Not being one for 'breaking down' what I am eating, I chose to follow the guidelines that SP has set for me, for carbs, etc...I also now track the ever so illusive 'fiber' and sodium levels of what I eat and prepare. I did not know that "net carbs" was not an official FDA definition,... having been a Nutrisystem dropout, I was somewhat aware of the GI...although I did not apply it to my "afterlife" and gained all my weight back...so... such is life... I am more aware of what goes past my teeth today than ever in my life...sigh... and the beat goes on! - 8/13/2009   1:18:40 PM
  • 10
    To me, the bottom line is that every body has variations and nuances that create different reactions. We all need to find what works best for our own body, and the more information we have, the better we can tune our eating habits. When I started evaluating my eating habits in terms of GI and GL some patterns and associations emerged, so I was able to make adjustments. The connections I found weren't so much about weight loss as they were about appetite stimulation. For me there are foods that create a chain reaction that increases my hunger, appetite, even the frequency with which food comes to mind. There is a lot of very complicated neuro-chemical activity that impacts our thoughts and feelings, not just metabolism. - 8/13/2009   11:45:29 AM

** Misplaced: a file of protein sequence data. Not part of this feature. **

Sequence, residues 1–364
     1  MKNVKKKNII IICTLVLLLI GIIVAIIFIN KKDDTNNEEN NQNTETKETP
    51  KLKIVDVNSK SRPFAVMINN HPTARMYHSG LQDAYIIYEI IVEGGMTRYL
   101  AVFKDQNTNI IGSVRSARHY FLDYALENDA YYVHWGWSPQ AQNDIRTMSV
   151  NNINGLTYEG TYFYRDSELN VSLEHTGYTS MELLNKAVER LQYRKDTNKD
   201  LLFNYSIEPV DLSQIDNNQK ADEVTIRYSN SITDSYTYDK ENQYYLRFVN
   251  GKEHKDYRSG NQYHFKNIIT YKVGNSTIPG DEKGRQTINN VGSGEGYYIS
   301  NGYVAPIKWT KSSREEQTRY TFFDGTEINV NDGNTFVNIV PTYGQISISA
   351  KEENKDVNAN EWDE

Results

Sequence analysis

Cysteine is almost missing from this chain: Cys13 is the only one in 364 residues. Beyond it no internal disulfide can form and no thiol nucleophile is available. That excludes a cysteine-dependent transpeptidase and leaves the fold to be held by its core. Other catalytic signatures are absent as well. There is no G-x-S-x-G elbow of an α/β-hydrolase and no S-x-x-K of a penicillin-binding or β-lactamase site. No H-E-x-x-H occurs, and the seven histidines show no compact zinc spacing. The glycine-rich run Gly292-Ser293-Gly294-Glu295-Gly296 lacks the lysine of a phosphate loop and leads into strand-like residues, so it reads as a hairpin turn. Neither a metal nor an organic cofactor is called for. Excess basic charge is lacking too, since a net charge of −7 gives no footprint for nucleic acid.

• CRICKETRO
    9
    I was never tempted by low-carb b/c I love love love veggies and fruits. I cannot stand red meat and hardly ever eat other meat. So yeah, low-carb ...not a chance LOL And yes, I knew about GI but i don't bother checking the index all the time now that i'm very close to the goal. - 8/13/2009   10:55:08 AM
  • 8
    I'm a little confused about GL -- the definition of GL is it's GI number divided by the amount of available carbohydrates. The definition of available carbohydrates is carbs - fiber. Isn't that the same thing as net carb? But the article says net carbs are fictitious. Can someone please explain the difference? - 8/13/2009   10:31:23 AM
  • SHALEGRA
    7
    I have not heard of the net carb thing. It sounds like a way to justify what you shouldn't be eating in a healthy meal plan. I am learning so much about carbs and am loving it. Just getting a better grip on how everything works together to help in weight loss is wonderful and helping me succeed this go around. Thanks SP for the wonderful info you provide to all of us. - 8/13/2009   10:01:48 AM
  • 6
    I had heard once about net carbs and at the time thought it was very confusing and made completely no sense. I looooove carbs and been loosing weight here eating them, just substitute for the healthier choice, who knew I would ever like whole grain pasta better than the regular one!? - 8/13/2009   9:57:59 AM